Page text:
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Tonto Natural Bridge State Park is just a few miles up Arizona Highway 87 from Payson toward the northwest. To get into the park, you have to descend a fairly steep and winding road. Make sure that your brakes are in good repair, that you obey the speed limits, and that you use engine braking on the way into the valley. (It’s honestly not bad to drive as long as you are prepared!)

The reward for the drive is a beautiful little valley surrounded by mountains, with a creek flowing along the west side. Pine Creek, in fact, flows through the natural bridge, which is about 400’ wide and has an arch of 183’, according to the park people, and is considered to be the world’s largest travertine natural bridge. For most people who wouldn’t know travertine from Ovaltine?, that just makes it a cool formation.

The natural bridge is almost a cave and has some formations like a cave, such as stalactites. You can see some of the formations, along with the swift little birds (white-throated swifts, I’m told) that nest in the face of the bridge, from one of the viewpoints along the rim of the creek’s little valley.

Cave Curtains Under the Bridge

Cave Curtains Under the Bridge

There are many other species of birds that spend time at Tonto Natural Bridge, plus other critters, such as javalinas and deer.

For the more adventurous, there are hiking trails that go to the creek bed. Those are not handicap-accessible, nor are dogs permitted on them (though they are welcome in the park). The bridge is flat on top and is basically an extension of the field that fills the valley’s floor. There’s a walkway that goes across the top of the bridge to connect to a couple trails. A spring is present on top of the bridge and the water from it flows off the down-stream side of the bridge, making a small waterfall, complete with rainbows when the sun is right.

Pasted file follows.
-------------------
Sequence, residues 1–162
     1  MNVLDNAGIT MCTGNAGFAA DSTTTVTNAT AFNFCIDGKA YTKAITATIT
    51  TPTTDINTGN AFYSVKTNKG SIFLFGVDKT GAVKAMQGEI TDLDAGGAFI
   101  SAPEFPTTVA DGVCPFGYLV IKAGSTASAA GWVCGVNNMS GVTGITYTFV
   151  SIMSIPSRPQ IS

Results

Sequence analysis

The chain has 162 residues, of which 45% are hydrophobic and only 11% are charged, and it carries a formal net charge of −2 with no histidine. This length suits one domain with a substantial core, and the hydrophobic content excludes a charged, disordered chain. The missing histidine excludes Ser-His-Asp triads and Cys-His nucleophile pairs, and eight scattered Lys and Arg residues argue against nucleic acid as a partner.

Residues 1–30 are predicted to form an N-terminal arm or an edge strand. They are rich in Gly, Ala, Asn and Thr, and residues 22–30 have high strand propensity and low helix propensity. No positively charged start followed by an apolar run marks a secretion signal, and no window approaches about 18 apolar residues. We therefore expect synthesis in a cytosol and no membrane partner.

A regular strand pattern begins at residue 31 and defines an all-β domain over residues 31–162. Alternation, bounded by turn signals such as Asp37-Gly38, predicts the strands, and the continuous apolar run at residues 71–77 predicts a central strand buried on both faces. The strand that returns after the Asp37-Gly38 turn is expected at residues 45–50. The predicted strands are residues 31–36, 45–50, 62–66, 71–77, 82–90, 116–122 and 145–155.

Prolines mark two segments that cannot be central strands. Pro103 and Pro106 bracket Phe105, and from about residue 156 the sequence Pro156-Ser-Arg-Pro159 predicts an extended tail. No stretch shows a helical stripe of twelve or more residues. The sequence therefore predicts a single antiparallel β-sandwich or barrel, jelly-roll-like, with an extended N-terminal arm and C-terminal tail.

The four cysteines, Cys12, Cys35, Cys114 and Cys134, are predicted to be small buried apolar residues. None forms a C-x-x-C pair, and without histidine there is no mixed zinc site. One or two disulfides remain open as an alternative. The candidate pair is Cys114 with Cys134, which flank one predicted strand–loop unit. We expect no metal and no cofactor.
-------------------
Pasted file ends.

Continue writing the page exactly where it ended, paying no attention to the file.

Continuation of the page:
Tonto Natural Bridge Waterfall

Tonto Natural Bridge Waterfall

The Anna Mae trail on the west side of the bridge is only about 500’ and is accessible, but the Gowan Trail that leads down to the creek is steep and rocky. It’s only a ? mile, but plan to take some time going down and back up the 200’ elevation change. The view looking up at the bridge and its waterfall is well worth the effort. The park, by the way, is at 4,500’ of elevation, and about 10 degrees cooler in summer than Phoenix. Another short and very steep trail leads to a mossy, spring-fed garden – hard to believe in arid Arizona.

The Gowan Trail was named for David Gowan, who found the bridge while on the run from Apaches.

There is also an historic lodge that serves as the gift shop for the park and a number of ramadas for picnicking. Be sure to stock up on water before doing any hiking in the park. Those steep climbs out of the creek bed will require it.

By the way, in case you’re curious about such things, we’ve learned that the difference between an arch and a natural bridge, such as the Tonto Natural Bridge, is that arches have worn away by something other than running water. Natural bridges have had running water run through them at some time or other. Of course, that doesn’t mean that people don’t name them incorrectly!

The park’s web site has more information on directions, hours and so forth.